Thursday, June 21, 2012

Microcar North lights up La Contessa

Nothing puts a happy grin on La Contessa’s snout faster than a microcar, and when you have a lush green lawn full of micros, well! I am in microcar ecstasy. This is exactly what happened last weekend at Ralph and Wendy Hough’s MicroNorth, where the micros came from near and far.  Every year, Ralph and Wendy graciously open up their beautiful home in Coldwater, Ontario, to microcar enthusiasts from all over North America. The tiny cars dotted the expansive lawn like bright shiny gems on wheels – che belle!

Most of these were vintage vehicles, highly prized collector’s items, and their owners have coddled them like pedigreed pups. A micro, as you know, is any vehicle with an engine under 500 cc. They were wildly popular in the 1950s, when gas was scarce. Many of the little cars had only three wheels, which in England and Germany, meant their owners paid half the road tax. Ingenious, mais non?

Here in North America, we must wait for invitations to events like MicroNorth to enjoy these diminutive darlings. Ralph Hough himself, a strapping six-foot former policeman, has a collection of Messerschmitts, many of which were displayed on the lawn. He got his extremely rare 1955 KR175 red Schmitt in Montreal, where its original owner had brought it from England – the poor car was literally a basket case! Only 10,000 of the KR175 were built between 1953 and 1955, so parts were scarce. Of course Ralph sleuthed out the necessary parts, including the factory original option “suitcase,” custom built to fit in the tiny luggage space.

We loved the pale yellow 1957 Isetta, so much like dear cousin Rosalia’s, who keeps company with the town doctor in the southern Italian town of Campobasso. Oh, the hot summers we enjoyed, travelling along the Biferno river in the mountains. This Isetta even had a wicker basket on the back like Rosalia’s, perfect for picnics. What that clever girl, or cucciune as the doctor would say, could do with a little prosciutto and provolone! Like all Isettas, this one had a one cylinder 300 cc Hemi engine – yes, that’s right, a Hemi. Raise your hand if you know that any engine with a hemispherical cylinder head is called a Hemi. The Isetta story is one of my favourites – they were originally manufactured by an Italian company called Iso, which made refrigerators. Isetta simply means “little Iso.” Sitting in the little car, my nose thrilled to the scent of vintage leather and two-stroke – and I could almost smell the prosciutto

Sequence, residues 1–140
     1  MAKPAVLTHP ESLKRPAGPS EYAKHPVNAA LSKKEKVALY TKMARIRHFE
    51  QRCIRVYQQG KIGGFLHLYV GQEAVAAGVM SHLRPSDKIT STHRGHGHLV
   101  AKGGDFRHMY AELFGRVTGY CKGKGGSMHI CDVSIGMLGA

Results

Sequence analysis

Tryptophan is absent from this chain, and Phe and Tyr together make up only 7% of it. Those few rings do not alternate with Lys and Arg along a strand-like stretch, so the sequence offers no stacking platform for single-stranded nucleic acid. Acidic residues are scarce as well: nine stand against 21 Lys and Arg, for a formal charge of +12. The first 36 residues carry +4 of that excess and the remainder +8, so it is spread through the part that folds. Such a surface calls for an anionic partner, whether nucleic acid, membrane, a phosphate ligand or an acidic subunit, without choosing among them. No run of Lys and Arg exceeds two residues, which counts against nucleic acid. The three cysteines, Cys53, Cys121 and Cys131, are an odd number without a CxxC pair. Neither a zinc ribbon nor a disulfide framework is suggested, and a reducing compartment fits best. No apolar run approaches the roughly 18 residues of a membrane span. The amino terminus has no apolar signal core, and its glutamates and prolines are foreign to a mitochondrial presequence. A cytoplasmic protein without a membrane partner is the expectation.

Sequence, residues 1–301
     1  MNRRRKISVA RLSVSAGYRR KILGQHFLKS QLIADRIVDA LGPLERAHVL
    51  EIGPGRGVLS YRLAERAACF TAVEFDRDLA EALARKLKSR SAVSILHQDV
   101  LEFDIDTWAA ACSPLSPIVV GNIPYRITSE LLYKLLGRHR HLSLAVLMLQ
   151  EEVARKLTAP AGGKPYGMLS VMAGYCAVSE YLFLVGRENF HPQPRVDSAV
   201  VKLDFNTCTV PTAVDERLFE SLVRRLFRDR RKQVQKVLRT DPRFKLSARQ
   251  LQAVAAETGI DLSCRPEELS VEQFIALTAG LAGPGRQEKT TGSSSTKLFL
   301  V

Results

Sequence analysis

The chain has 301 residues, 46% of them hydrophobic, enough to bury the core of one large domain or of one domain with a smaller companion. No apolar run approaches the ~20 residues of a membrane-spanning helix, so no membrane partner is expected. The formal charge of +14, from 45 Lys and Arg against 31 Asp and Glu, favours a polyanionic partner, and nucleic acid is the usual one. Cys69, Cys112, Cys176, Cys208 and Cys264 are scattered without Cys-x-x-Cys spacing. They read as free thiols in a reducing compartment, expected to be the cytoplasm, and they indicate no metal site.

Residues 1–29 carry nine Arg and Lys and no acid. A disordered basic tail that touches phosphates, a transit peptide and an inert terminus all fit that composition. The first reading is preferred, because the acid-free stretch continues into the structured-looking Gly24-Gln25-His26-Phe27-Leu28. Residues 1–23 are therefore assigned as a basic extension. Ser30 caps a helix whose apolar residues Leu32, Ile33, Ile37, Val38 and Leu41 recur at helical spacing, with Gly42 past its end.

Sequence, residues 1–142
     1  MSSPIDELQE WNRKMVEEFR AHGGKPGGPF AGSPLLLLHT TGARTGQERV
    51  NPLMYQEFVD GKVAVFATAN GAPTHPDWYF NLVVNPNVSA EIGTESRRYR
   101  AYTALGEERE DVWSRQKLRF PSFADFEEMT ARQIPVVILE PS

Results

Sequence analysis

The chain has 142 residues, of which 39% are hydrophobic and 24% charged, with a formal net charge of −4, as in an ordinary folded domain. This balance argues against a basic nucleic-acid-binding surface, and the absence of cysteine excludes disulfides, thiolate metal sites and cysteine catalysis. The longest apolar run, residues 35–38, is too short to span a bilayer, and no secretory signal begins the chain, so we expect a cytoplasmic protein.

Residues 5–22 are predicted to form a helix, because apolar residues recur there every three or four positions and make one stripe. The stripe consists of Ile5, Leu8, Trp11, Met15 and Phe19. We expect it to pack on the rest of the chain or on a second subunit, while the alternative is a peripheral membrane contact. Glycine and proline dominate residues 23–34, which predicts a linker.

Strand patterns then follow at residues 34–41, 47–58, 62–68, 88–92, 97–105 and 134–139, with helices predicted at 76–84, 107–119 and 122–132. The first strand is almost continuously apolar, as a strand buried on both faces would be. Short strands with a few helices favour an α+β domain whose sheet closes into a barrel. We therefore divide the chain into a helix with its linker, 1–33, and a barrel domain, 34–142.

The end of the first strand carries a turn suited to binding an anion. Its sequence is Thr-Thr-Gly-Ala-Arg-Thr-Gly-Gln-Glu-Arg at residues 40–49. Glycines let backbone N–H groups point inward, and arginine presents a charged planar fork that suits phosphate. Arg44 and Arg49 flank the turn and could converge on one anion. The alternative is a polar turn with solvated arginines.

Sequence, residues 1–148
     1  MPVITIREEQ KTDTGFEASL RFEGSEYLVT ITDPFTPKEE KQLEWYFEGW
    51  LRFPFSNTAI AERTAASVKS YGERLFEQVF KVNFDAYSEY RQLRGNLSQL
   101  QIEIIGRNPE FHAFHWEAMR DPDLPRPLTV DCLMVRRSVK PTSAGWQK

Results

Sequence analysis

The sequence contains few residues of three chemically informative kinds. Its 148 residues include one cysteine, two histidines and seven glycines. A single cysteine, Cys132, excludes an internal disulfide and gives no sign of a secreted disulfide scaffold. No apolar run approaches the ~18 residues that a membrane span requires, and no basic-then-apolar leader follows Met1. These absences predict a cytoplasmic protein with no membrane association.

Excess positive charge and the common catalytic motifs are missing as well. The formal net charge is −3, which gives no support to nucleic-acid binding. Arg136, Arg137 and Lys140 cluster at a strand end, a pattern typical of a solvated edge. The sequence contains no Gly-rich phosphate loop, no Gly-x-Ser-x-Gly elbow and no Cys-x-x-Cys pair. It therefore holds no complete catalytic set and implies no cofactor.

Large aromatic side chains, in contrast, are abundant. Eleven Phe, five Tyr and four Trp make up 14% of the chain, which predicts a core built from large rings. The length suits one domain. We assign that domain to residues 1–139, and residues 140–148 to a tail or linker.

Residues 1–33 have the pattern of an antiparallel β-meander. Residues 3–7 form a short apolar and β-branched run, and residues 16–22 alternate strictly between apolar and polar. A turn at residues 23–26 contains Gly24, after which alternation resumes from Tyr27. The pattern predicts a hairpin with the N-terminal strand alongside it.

Then it was on to a smart red 1957 Berkeley convertible, one of only 1,281 made in Biggleswade, Bedforshire. Owner Jeff had been working on it for over 13 years, with astounding results. The fibreglass shell had held up remarkably well! Who knows, perhaps La Contessa was sitting in the same model that famed racecar driver Stirling Moss had once championed at Goodwood?

And then, complete shock. A real, live beige 1981 Syrena from Poland. Owner Slawek had brought it over five years ago. With its 850 cc engine, it perhaps exceeded the microcar standards, but I didn’t care. I have not seen a Syrena since the days in Krakow, visiting with cousin Agnieszka. We would smuggle contraband onto the black market and then feast on forbidden delicacies like Baltic caviar? Smacznego! Who would suspect two pretty tail-wagging blondes?